אַף כִּי אָמַר אֱ־לֹהִים לֹא תֹאכְלוּ מִכּׂל עֵץ הַגָּן…   לֹא מוֹת תְּמֻתוּן כִּי יֹדֵעַ אֱ־לֹהִים כִּי בְּיוֹם אֲכָלְכֶם מִמֶּנּוּ וְנִפְקְחוּ עֵינֵיכֶם וִהְיִיתֶם כֵּא־לֹהִים יֹדְעֵי טוֹב וָרָע

The total words spoken by the donkey is 23 (8 the first time and 15 the second),

מֶה עָשִׂיתִי לְךָ כִּי הִכִּיתָנִי זֶה שָׁלֹשׁ רְגָלִים…. הֲלוֹא אָנֹכִי אֲתֹנְךָ אֲשֶׁר רָכַבְתָּ עָלַי מֵעוֹדְךָ עַד הַיּוֹם הַזֶּה הַהַסְכֵּן הִסְכַּנְתִּי לַעֲשׂוֹת לְךָ כֹּה

Thus, the total number of words spoken by animals in the Torah is 26 ┴ 23 = 49 or 72.1 One of the basic principles in analyzing the structure of the Torah is that two sections of the text whose contents constitute a whole sum together into a square form. The square is either their combined number of words or the number of their combined letters.

Let us then write out the 49 words spoken by the snake and the donkey in the form of a 7 by 7 square,


We see that in this square the gematrias of the first (אַף ) and last (כֹּה ) words are both perfect squares (81 = 92 and 25 = 52). In addition, if we calculate the sum of the words in red, which form a particular pattern in this square, we find that it is 2166, or 6 · 192. 19 is the value of “Eve” (חַוָה ), the hero of the story of the speaking snake. In Aramaic, Eve’s name stems from the word meaning “to speak,” and thus the snake’s seeming natural ability to speak came about because of his ability to seduce Eve.2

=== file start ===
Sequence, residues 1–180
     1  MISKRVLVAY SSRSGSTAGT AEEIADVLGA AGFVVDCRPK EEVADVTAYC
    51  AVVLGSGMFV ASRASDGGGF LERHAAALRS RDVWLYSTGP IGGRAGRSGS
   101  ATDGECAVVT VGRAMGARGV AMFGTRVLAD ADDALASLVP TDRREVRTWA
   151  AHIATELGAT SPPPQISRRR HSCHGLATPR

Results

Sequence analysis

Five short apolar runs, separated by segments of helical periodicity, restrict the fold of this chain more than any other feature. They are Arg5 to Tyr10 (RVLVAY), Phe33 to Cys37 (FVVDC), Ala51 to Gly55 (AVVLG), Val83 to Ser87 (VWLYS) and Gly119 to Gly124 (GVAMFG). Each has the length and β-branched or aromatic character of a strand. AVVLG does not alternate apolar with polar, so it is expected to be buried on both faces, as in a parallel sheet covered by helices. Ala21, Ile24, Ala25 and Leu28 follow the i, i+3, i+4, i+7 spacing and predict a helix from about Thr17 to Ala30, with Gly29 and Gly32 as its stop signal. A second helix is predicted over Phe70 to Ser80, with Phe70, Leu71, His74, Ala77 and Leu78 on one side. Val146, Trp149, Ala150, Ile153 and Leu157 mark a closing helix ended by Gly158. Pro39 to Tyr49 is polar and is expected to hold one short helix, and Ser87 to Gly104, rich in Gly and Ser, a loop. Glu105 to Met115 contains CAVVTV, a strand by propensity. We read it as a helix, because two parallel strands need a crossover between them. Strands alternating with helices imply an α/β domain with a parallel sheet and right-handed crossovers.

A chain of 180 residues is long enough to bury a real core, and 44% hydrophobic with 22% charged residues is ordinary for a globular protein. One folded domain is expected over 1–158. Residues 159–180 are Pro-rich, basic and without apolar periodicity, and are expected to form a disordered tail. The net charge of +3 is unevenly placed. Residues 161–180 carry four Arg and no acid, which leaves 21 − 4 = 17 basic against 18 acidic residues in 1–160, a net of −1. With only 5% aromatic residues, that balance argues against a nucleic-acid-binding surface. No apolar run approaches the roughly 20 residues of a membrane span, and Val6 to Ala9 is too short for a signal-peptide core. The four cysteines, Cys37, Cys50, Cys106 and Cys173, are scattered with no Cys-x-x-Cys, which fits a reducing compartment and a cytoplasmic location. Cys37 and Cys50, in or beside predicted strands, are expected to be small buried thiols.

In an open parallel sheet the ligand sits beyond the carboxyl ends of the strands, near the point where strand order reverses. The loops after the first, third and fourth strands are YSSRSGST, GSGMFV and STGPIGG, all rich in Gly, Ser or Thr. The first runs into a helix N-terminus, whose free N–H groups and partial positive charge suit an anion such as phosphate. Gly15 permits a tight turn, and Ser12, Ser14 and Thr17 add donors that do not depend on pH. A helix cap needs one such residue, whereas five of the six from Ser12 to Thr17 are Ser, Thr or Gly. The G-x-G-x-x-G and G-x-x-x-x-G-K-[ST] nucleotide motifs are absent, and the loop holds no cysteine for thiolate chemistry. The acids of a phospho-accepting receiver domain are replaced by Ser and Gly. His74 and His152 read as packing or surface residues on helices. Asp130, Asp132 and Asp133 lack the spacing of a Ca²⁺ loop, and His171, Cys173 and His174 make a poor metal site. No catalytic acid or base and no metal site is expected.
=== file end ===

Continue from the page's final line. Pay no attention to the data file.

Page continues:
The gematria of all 49 words is 10576, or 16 · 661, where 661 is the gematria of “Esther” (אֶסְתֵּר ). In the entire Bible, Esther is considered the most consummate and essential rectification of Eve. Likewise, her cousin (and husband), Mordechai is considered a consummate rectification of Adam. But, note that the value of the words in the four corners plus the middle word is 274, the gematria of Mordechai (מָרְדְכַי ).3

Borrowed Words

Now that we have seen the essential connection between the speaking snake and the argumentative donkey, let us delve a bit further into what these two episodes represent and what we can glean from them regarding our own challenges in life.